10. AEROSOL PARTICLE COLLECTOR DESIGN STUDY

    SciTech Connect (OSTI)

    Lee, S; Richard Dimenna, R

    2007-09-27

    A computational evaluation of a particle collector design was performed to evaluate the behavior of aerosol particles in a fast flowing gas stream. The objective of the work was to improve the collection efficiency of the device while maintaining a minimum specified air throughput, nominal collector size, and minimal power requirements. The impact of a range of parameters was considered subject to constraints on gas flow rate, overall collector dimensions, and power limitations. Potential improvements were identified, some of which have already been implemented. Other more complex changes were identified and are described here for further consideration. In addition, fruitful areas for further study are proposed.

  11. ARM Cloud Aerosol Precipitation Experiment

    Broader source: All U.S. Department of Energy (DOE) Office Webpages (Extended Search)

    AFDC Printable Version Share this resource Send a link to EERE: Alternative Fuels Data Center Home Page to someone by E-mail Share EERE: Alternative Fuels Data Center Home Page on Facebook Tweet about EERE: Alternative Fuels Data Center Home Page on Twitter Bookmark EERE: Alternative Fuels Data Center Homesum_a_epg0_fpd_mmcf_m.xls" ,"Available from WebQuantity ofkandz-cm11 OutreachProductswsicloudwsicloudden Documentation Data Management Facility PlotsProducts (VAP) VAP38 ARM6Aerosol

  12. Steps towards Quality Improvement of Airborne Laser Scanner Data

    E-Print Network [OSTI]

    Vosselman, George

    , and forestry management. However, to guarantee this level of data quality the measurements must be as closeSteps towards Quality Improvement of Airborne Laser Scanner Data A Behan1 , H-G Maas2 and G for the acquisition of 2.5D data, mainly for use in topographic and mapping operations. In recent years, however

  13. Automatic Construction of Building Footprints from Airborne LIDAR Data

    E-Print Network [OSTI]

    Chen, Shu-Ching

    1 Automatic Construction of Building Footprints from Airborne LIDAR Data Keqi Zhang, Jianhua Yan. INTRODUCTION BUILDING footprints are one of the fundamental GIS data components that can be used to estimate, and estimation of building base elevation for flood insurance [2]. In addition, footprint data in combination

  14. Airborne lidar detection and characterization of internal waves in a

    E-Print Network [OSTI]

    Shaw, Joseph A.

    on the strength of the wind. This tends to create a layer of less dense water on top of the more dense water below of water with lower density at the surface. This layer is typically mixed with the water below. The airborne lidar detected a thin plankton layer at the bottom of the upper layer of the water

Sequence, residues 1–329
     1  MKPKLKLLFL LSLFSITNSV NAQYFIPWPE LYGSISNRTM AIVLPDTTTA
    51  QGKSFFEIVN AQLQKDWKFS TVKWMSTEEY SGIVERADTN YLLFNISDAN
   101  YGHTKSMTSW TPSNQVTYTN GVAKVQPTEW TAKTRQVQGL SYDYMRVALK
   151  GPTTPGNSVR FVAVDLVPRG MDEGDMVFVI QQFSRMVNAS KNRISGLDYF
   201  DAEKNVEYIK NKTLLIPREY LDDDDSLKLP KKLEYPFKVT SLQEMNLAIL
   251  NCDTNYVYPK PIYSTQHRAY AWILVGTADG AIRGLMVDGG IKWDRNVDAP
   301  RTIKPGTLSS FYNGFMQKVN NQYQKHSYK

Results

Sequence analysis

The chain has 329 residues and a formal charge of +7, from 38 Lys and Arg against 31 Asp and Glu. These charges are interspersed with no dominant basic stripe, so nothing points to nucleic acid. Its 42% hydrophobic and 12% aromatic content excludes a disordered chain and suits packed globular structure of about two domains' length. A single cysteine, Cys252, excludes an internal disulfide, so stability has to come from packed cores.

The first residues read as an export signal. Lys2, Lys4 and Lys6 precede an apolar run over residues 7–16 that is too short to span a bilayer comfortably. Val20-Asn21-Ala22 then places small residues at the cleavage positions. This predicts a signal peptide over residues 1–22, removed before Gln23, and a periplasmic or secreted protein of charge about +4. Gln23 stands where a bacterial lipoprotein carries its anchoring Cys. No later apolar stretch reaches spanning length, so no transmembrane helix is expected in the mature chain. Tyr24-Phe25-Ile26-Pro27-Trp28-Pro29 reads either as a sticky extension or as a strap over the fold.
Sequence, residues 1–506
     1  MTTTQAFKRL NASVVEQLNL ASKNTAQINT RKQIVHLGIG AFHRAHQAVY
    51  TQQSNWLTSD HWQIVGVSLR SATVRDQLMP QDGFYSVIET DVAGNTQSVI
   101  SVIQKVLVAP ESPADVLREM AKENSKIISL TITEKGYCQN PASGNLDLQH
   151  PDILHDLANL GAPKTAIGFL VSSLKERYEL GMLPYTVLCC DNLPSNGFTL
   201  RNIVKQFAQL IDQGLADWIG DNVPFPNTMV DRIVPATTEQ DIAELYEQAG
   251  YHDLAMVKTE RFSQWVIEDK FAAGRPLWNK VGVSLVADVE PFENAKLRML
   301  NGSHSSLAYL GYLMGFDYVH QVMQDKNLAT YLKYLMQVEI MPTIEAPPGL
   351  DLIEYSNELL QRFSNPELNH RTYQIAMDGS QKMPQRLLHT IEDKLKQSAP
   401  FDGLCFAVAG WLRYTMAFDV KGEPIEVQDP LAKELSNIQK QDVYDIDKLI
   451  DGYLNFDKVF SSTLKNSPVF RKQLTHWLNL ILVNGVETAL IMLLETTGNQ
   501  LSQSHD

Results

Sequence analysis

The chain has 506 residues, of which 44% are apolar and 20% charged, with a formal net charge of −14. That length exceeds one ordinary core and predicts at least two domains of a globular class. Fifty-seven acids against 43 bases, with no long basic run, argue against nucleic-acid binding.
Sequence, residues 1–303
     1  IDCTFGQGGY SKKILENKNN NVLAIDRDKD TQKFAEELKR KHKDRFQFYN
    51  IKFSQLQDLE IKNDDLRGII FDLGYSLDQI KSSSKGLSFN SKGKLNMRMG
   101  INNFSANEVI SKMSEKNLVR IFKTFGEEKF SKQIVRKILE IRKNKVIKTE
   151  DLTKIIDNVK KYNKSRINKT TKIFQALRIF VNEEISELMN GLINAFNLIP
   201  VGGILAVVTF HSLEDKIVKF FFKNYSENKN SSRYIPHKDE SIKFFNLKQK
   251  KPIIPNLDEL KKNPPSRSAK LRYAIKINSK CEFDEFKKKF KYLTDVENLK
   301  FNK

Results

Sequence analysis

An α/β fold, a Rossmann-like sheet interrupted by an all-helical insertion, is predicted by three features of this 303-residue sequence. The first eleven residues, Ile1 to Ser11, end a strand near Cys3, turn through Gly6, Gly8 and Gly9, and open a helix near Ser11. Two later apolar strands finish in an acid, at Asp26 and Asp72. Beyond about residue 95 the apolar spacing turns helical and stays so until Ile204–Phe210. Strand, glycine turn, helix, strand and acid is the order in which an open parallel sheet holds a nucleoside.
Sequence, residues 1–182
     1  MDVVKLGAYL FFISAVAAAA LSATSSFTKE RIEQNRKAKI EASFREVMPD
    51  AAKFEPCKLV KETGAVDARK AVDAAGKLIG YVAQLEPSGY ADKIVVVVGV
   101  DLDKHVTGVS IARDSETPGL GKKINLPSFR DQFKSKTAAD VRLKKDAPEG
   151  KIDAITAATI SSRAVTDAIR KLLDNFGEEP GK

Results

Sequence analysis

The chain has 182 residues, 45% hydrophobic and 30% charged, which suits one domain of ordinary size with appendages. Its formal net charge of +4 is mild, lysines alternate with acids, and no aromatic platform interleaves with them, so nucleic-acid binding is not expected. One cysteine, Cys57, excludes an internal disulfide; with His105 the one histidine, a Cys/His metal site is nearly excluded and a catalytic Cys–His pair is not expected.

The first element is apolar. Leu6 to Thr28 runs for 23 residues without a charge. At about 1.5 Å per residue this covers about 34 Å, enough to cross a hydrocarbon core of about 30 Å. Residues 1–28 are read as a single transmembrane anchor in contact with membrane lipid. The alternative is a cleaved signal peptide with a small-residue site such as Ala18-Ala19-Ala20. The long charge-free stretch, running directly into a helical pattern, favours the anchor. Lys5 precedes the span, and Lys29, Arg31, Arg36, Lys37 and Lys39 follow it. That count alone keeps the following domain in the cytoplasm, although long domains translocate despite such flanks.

15. Quality Assurance Program Plan for radionuclide airborne emissions monitoring

    SciTech Connect (OSTI)

    Vance, L.M.

    1993-07-01

    This Quality Assurance Program Plan (QAPP) describes the quality assurance requirements and responsibilities for radioactive airborne emissions measurements activities from regulated stacks are controlled at the Hanford Site. Detailed monitoring requirements apply to stacks exceeding 1% of the standard of 10 mrem annual effective dose equivalent to the maximally exposed individual from operations of the Hanford Site.

  16. EPLA: Energy-balancing Packets Scheduling for Airborne Relaying Networks

    E-Print Network [OSTI]

    New South Wales, University of

    of unmanned aerial vehicles (UAVs). We propose an energy-efficient relaying scheme which is able to overcomeEPLA: Energy-balancing Packets Scheduling for Airborne Relaying Networks Kai Li1 Wei Ni2 Xin Wang3 then schedules UAVs' forwarding with guaranteed success rates and balanced energy consumption. Such scheduling

  17. Evaluation of Mali, West Africa Airborne Measurements to Access the

    E-Print Network [OSTI]

    Delene, David J.

    Evaluation of Mali, West Africa Airborne Measurements to Access the Potential of Enhancing if cloud seeding in Mali could be beneficial.c ·Identify optimal seeding method for enhancing precipitation in the Mali region based on conceptual models. #12;Measurement Importance · The potential to enhancing

  18. Evaluation of Mali, West Africa Airborne Measurements to Access the

    E-Print Network [OSTI]

    Delene, David J.

    Evaluation of Mali, West Africa Airborne Measurements to Access the Potential of Enhancing Determine if cloud seeding in Mali could be beneficial.b Help determine what is the optimal seeding method for enhancing precipitation in the Mali region. #12;Measurement Importance The potential to enhancing

  19. Springtime Aerosol Observations at Dongsha Atoll,Taiwan

    E-Print Network [OSTI]

    Pierce, Jeffrey

    , and Peng Xian-Lynch · Advanced Light Source program, including Kevin Perry #12;Background · Role? · The (Multi-Partner) Seven SouthEast Asian Studies (7 SEAS) Mission: A Program to Study Pollution the transport of smoke and pollution from Indochina to Taiwan, led by National Central Univ of Taiwan ­ Dongsha

  20. Cloud activating properties of aerosol observed during CELTIC

    E-Print Network [OSTI]

    2007-01-01

    the secondary organic aero- sol contribution to PM2.5 usingthe EC tracer method. Aero- sol Sci. Technol. , 38 (S1),to represent 15% of submicron aero- sol mass. The large